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Unformatted text preview: XI- Secular Music of 16thC-composers cultivated national genres and styles in secular / vocal musicoSpanish villancico, Italian frottola and madrigal, French chanson, German Lieder, and the English madrigal / lute songoFirst market for printed music- demand for notated music they could perform for pleasureAmateurs sought music in their own languagegrowth of natl styles-frotolla- strophic, syllabic, homophonic; melody in upper voice and accompanying parts are played by instruments; mock-pop song written for the aristocracy (Marco Cara Frotolla)-*Italian Madrigaloenrich meaning of text through musicexpression & dramaoItaly became leader in Euro musicoLed to operaoThrough-composed musical setting of poetry w/o refrains-early madrigals had 4 voices, then 5 at mid-centuryoOne voice per part or instrumentsoComposed for the enjoyment of performers but also for concertsoRise of madrigal attributed to poet PetrarchHarsh and pleasing words could be set with major and minor imperfect consonances-Cipriano de Rore- leading madrigalist(1550)oInterest in humanism, greek tradition of ethosoLonger rhythms for accented syllables, chromaticism-Marenzio- madrigals depicting contrasting feelings and visual details-Gesualdo- sharp contrasts in harmony, texture, rhythm and chromaticism-England- Italian culture became fashionable later in the centuryoItalian madrigals translated into English, native composers wrote new madrigalsoSolo songs (airs) w/ lute accompaniment (tabs) became prominent around 1600New Styles in the 17thC-New developments in science, politics, and economics, affected musicians, continued religious conflictsoScientific method, math, observationoNew colonies brought euro traditions to New WorldoEmergence of capitalismpublic operas and concerts, published music instruments, and music lessonsoItaly dominant influence on euro music, French were imitated, Germans blended-emphasis on dramatic in all the artsomusic that was emotionally moving, expressing the affections (states of the soul)-Monteverdi vs. ArtusioArtusi accused Monteverdi of breaking rules of counterpoint...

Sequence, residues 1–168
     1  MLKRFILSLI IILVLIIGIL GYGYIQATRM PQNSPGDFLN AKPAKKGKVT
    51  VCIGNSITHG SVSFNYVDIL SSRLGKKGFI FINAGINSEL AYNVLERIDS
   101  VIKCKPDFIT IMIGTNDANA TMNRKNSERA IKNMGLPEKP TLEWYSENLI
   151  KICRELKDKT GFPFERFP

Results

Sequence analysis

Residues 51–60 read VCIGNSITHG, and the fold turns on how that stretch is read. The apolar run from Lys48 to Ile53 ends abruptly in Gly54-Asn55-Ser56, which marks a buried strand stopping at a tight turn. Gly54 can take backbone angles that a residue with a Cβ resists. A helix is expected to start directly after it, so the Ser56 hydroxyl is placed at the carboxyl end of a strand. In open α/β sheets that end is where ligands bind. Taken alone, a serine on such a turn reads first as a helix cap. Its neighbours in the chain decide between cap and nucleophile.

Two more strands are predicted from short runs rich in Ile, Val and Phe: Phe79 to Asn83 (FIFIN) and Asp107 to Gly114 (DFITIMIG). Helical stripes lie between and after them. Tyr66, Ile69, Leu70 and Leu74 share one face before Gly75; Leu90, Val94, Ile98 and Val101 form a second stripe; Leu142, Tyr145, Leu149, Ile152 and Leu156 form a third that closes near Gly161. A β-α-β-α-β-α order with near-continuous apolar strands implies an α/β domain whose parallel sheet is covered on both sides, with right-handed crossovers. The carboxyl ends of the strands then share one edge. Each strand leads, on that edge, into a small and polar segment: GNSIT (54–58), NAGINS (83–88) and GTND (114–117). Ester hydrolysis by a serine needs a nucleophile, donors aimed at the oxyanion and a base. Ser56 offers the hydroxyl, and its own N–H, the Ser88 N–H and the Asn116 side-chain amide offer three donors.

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This note was uploaded on 04/18/2008 for the course AMUS 230 taught by Professor Newman during the Fall '07 term at SUNY Albany.
- Fall '07